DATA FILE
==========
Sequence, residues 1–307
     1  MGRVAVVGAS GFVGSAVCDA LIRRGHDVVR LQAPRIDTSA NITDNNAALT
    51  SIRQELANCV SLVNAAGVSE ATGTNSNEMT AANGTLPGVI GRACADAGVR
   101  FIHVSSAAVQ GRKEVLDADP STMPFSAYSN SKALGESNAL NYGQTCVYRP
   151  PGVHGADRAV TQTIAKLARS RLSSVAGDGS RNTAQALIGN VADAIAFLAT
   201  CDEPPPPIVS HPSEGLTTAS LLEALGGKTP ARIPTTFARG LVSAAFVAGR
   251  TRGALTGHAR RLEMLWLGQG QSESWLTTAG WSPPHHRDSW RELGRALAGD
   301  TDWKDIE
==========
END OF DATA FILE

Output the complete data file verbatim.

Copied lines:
Sequence, residues 1–307
     1  MGRVAVVGAS GFVGSAVCDA LIRRGHDVVR LQAPRIDTSA NITDNNAALT
    51  SIRQELANCV SLVNAAGVSE ATGTNSNEMT AANGTLPGVI GRACADAGVR
   101  FIHVSSAAVQ GRKEVLDADP STMPFSAYSN SKALGESNAL NYGQTCVYRP
   151  PGVHGADRAV TQTIAKLARS RLSSVAGDGS RNTAQALIGN VADAIAFLAT
   201  CDEPPPPIVS HPSEGLTTAS LLEALGGKTP ARIPTTFARG LVSAAFVAGR
   251  TRGALTGHAR RLEMLWLGQG QSESWLTTAG WSPPHHRDSW RELGRALAGD
   301  TDWKDIE